Intellectual property and competition
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Intellectual property and competition

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Published by Edward Elgar in Cheltenham, UK, Northampton, MA, USA .
Written in English


  • Intellectual property,
  • Antitrust law

Book details:

Edition Notes

Includes bibliographical references (p. [vii]-viii).

Statementedited by Michael A. Carrier
SeriesCritical concepts in intellectual property law -- 2, An Elgar research collection, Critical concepts in intellectual property law -- 2., Elgar research collection
LC ClassificationsKF3116 .I5685 2011
The Physical Object
Paginationxx, 753 p. :
Number of Pages753
ID Numbers
Open LibraryOL24847375M
ISBN 101848442181
ISBN 109781848442184
LC Control Number2010939250

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Although competition law and intellectual property are often interwoven, until this book there has been little guidance on how they work together in practice. As the intersection between the two fields continues to grow worldwide, both in case law and in regulation, the book's markets-based approach, focusing on sectors such as pharmaceuticals. ISBN: OCLC Number: Description: xx, pages: illustrations ; 25 cm. Contents: Conflict between antitrust and intellectual property rights / Herbert Hovenkamp --Exclusionary practices (II): the new economy / Richard A. Posner --Antitrust and intellectual property: unresolved issues at the heart of the new economy / Robert Pitofsky --Legal . Introduction: Intellectual Property, Unfairness and Speech – Convergences and Developments Annette Kur, Nari Lee, Ansgar Ohly and Guido Westkamp PART I: CONDUCT AND UNFAIRNESS: MAPPING METHODOGICAL BOUNDARIES 1. What to Protect, and How? Unfair Competition, Intellectual Property, or Protection Sui Generis Annette Kur 2. The book’s clear-sighted view of the status quo and emerging trends in the two fields of IP rights and European competition law provides valuable insights to practitioners, policymakers, and academics dealing with issues at the intersection of intellectual property law and competition .

In the second part of the book we look at a number of issues closely related to the interface between competition law and intellectual property rights. Separate chapters analyse the issue of parallel trading and exhaustion of IPRs, the issue of technology transfer, and the economics of the interface between intellectual property and competition.   Abstract. This chapter focuses on the interface between Intellectual Property Rights (IPR) and competition law. Exercising rights by the IPR holder in certain circumstances may attract the provisions of competition law especially when it has an adverse effect on consumer welfare or amounts to abuse of dominant position. The term intellectual property first came into being in the 19th century, but only became commonly used towards the end of the 20th century. The World Intellectual Property Organization (WIPO) was founded in as a specialized agency of the United Nations with its headquarters in Geneva, Switzerland. Intellectual property (IP) allows consumers to make choices between competing entrepreneurs, and the goods and services they sell. Therefore, IP is inherently pro-competitive as it ensures the protection of differentiated, intangible business assets.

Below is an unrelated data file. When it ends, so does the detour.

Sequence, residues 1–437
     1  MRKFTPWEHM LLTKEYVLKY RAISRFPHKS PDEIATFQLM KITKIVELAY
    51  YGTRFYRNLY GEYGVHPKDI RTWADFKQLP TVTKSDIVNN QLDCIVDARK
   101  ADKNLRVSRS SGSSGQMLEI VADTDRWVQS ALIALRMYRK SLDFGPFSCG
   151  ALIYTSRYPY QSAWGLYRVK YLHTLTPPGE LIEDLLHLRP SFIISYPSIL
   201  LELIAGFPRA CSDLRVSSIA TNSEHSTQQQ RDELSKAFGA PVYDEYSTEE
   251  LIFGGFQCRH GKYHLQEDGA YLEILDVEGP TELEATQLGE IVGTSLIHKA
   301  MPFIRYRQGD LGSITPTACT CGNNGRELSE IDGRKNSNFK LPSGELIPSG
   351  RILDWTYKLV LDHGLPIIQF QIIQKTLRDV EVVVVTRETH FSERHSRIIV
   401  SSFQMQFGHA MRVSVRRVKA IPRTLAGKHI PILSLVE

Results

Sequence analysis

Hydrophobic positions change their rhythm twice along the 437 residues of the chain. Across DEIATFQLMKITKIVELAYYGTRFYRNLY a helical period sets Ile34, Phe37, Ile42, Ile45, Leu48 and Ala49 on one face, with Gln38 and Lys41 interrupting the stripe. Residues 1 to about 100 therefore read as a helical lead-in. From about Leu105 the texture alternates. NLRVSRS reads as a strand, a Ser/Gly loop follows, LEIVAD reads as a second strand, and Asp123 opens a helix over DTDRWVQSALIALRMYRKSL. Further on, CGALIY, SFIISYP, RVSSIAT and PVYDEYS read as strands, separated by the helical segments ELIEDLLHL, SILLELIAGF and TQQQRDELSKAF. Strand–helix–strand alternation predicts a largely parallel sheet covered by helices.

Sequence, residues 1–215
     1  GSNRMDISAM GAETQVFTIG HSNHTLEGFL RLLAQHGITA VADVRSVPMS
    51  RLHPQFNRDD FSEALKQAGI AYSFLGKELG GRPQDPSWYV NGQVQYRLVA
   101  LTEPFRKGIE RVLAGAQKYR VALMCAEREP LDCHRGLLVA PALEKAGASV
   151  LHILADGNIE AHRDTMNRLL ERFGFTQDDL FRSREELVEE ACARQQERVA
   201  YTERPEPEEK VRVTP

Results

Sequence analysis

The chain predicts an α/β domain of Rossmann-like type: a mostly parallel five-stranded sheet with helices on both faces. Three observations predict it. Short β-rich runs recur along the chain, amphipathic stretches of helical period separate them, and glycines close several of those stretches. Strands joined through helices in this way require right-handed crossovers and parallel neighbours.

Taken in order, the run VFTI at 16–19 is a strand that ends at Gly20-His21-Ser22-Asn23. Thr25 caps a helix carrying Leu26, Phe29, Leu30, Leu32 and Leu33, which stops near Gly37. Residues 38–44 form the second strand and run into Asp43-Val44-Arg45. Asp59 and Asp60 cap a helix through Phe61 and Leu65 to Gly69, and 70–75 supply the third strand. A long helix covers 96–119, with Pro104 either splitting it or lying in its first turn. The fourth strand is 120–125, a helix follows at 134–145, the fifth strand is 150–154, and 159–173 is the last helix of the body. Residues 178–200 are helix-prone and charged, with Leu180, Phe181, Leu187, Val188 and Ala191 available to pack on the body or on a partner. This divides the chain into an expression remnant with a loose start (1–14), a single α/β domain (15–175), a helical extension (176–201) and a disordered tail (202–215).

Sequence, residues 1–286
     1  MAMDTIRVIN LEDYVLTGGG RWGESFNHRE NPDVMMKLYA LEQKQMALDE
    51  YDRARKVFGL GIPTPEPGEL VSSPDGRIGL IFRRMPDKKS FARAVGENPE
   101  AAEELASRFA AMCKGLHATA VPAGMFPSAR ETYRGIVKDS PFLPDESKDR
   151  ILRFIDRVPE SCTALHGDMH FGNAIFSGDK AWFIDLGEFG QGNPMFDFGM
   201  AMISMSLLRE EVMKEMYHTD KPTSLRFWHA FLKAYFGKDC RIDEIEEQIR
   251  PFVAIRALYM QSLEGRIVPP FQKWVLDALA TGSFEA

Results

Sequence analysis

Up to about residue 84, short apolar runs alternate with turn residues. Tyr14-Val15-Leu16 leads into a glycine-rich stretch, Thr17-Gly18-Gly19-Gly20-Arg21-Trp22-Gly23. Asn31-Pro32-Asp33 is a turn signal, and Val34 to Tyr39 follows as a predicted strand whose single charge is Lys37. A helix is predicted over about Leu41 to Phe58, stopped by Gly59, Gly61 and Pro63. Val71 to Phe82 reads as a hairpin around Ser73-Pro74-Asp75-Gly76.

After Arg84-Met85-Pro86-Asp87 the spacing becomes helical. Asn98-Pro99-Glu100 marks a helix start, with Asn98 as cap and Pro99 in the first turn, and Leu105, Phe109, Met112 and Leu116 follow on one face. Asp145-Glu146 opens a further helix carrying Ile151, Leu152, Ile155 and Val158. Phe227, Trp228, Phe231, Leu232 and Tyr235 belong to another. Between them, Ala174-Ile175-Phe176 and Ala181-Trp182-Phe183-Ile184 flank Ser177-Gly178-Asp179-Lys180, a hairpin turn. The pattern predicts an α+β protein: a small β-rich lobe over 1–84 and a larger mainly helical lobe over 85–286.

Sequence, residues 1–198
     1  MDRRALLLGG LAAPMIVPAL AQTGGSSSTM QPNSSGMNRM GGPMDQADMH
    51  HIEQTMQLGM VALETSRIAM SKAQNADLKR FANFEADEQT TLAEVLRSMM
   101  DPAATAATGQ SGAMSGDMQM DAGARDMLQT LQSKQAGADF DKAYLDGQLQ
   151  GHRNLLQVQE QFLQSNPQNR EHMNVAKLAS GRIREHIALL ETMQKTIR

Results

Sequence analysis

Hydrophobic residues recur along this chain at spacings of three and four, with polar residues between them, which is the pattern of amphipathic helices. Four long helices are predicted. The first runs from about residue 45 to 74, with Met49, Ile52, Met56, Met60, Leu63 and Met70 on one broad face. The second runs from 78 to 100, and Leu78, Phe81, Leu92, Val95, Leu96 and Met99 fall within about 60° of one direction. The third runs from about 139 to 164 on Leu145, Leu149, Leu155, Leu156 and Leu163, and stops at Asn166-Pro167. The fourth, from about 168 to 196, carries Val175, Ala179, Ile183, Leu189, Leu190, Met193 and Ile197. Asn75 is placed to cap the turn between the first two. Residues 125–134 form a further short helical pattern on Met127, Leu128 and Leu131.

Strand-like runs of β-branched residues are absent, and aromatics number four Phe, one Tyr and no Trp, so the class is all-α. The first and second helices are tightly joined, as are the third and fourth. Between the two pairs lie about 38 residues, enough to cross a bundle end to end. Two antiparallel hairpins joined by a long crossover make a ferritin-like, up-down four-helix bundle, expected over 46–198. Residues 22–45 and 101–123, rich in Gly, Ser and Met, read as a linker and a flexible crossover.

Intellectual property (IP) refers to creations of the mind, such as inventions; literary and artistic works; designs; and symbols, names and images used in commerce. IP is protected in law by, for example, patents, copyright and trademarks, which enable people to earn recognition or financial benefit from what they invent or create. By striking.   Intellectual Property, Unfair Competition and Publicity: Convergences and Development Nari Lee, Guido Westkamp, Annette Kur, Ansgar Ohly Edward Elgar Publishing, - Law - . This book examines the significance and legal treatment of personal data in competition law, consumer protection law, general civil law and intellectual property law against the background of the uniform rules set by the EU General Data Protection Regulation. While promoting intellectual property protection as an important means for innovations and cultural developments, a critical analysis and a flexible approach to the needs for free creative space and effective competition is crucial. As this book so well illustrates, this delicate balance is no either or.' - Marianne Levin, Stockholm University.